Review: Hitler’s Royal Treatment

If hindsight is 20-20 it’s also two dimensional. The past is often depicted by amateur historians and skillful propagandists as a morality play with cardboard characters: good, bad, black hat, white hat. This is the screenplay of every John Wayne film you ever saw.

More Than Just Games asks, why did Canada support the 1936 Nazi Olympics? There were several reasons. Co-authors Richard Menkis of the University of British Columbia and Harold Troper of the University of Toronto are talented writers with a keen eye for detail.

Just Games is not merely honest, it is compelling. First, Menkis and Troper dispense with myths.

No, Hitler did not pointedly refuse to shake U.S. sprinter Jesse Owen’s hand after the black athlete won gold. Hitler had shaken so many hands earlier in the games the International Olympic Committee told the effusive Fuehrer he’d breached protocol: no more handshakes.

No, Canadian athletes did not give the Nazi salute in the parade of athletes. They gave the traditional Olympic salute, arm straight from the side. It was a naïve thing to do, and uneasy British athletes dropped the salute altogether, but the 120-member Canadian delegation could be forgiven for being provincial.

And no, Olympic organizers never intended to give Hitler the Olympics in the first place. Two cities had bid for the 1936 games: Berlin and Barcelona. At a 1931 IOC meeting that settled the issue, Barcelona unsurprisingly received only 16 of 59 votes. “The German Weimar Republic and Berlin, if hardly rock stable, seemed to IOC members a far safer bet,” authors note.

Hitler would not seize power till 1933 and Spain was already a basket case. When the IOC voted, Spain’s King Alfonso had just fled the country, there were bread riots and a general strike in Madrid, Spain was ruled by a military dictatorship and three prime ministers had been assassinated to date. “From the vantage point of 1931, Berlin seemed a far more credible bet,” writes Just Games.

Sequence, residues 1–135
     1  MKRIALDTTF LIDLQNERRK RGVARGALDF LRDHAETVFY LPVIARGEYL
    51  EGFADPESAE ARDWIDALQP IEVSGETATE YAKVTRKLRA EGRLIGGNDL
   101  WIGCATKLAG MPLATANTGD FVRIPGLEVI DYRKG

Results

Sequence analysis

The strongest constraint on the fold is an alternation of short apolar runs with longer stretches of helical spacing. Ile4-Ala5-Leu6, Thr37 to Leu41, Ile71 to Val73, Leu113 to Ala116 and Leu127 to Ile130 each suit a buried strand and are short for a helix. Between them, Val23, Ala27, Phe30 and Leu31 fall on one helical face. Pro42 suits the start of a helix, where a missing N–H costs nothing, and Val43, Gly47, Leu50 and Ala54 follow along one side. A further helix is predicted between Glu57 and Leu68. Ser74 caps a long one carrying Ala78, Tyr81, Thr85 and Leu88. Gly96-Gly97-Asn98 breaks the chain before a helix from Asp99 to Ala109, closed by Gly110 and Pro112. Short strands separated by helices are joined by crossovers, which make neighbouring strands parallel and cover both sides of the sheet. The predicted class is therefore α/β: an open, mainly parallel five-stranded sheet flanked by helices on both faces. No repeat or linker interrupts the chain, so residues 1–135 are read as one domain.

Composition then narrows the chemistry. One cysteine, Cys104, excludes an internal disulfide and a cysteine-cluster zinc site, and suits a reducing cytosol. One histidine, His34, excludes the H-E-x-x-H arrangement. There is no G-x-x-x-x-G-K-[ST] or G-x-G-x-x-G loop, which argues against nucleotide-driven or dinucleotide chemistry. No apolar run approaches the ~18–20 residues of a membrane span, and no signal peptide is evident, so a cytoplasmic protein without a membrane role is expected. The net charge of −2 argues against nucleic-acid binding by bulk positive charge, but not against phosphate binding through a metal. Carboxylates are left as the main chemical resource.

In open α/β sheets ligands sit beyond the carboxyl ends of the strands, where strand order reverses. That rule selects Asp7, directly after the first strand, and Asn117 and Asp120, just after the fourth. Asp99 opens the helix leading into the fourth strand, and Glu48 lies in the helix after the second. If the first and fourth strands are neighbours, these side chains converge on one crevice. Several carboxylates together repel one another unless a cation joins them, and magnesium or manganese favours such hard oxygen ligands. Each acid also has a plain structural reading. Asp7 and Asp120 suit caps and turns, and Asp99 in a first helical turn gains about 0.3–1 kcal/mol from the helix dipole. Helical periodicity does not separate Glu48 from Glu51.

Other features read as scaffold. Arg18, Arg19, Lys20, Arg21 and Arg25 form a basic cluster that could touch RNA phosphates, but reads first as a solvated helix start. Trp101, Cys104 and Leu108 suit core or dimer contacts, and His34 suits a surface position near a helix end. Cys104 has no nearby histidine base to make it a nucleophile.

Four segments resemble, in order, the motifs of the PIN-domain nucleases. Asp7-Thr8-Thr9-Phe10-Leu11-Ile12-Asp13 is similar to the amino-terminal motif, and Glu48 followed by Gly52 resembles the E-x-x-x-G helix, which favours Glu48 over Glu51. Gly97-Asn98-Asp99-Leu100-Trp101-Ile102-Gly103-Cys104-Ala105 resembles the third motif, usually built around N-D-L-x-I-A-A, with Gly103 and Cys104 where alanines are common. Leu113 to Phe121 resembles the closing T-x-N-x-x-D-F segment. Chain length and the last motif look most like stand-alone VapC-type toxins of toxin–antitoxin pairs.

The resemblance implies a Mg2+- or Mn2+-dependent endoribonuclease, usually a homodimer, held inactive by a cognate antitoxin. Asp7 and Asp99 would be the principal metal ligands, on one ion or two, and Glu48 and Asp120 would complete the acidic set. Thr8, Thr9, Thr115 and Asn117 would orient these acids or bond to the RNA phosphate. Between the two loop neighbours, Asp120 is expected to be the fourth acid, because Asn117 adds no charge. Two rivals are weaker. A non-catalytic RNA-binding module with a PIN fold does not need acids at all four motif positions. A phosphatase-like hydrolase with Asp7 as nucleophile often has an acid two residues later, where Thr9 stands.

But Hitler did seize power and Nazi brutality was known by 1936. From the vantage point of 21st century readers horrified by the Holocaust, Canada’s participation seems inexplicable. Here Menkis and Troper crisply document the apologia of those pre-war years.

Nazis had consulates in Montréal and Winnipeg. The Deutsche Bund of Canada had 2,000 members and the German cruiser Karlsruhe was given a warm welcome by the Royal Canadian Navy when it paid a 1935 call on the Port of Vancouver.

Anti-Nazis of the era also had the taint of Bolshevism. High jumper Eva Dawes of Toronto boycotted the ’36 German games but had no qualms in competing at a Soviet-sponsored track meet in Moscow in 1935. Dawes returned from Stalinist Russia with high praise for the “great and marvelous work that has been accomplished in a country owned and built by the workers.” Dawes sadly passed away before the authors could complete a scheduled interview.

More telling, the Germans like Soviets were marvelous hosts. Overt anti-Semitism was tucked away for Olympic festivities and Canadian athletes would later write “we were royally treated everywhere.”

The great Olympic scandal of 1936 was not that Hitler hosted the summer and winter events but that Canada lost in hockey to Great Britain. As sportswriter Lou Marsh of the Toronto Star put it, “Canada has no real reason for dropping out of the Olympics unless Great Britain decides to withdraw her team.”

More Than Just Games is well-told and beautifully researched. In 1936 as today the IOC maintains a “low human rights bar,” authors conclude: “Low enough for all countries to qualify.”

By Holly Doan

More Than Just Games: Canada and the 1936 Olympics, by Richard Menkis & Harold Troper; University of Toronto Press; 254 pages; ISBN 9781-4426-26904; $27.95

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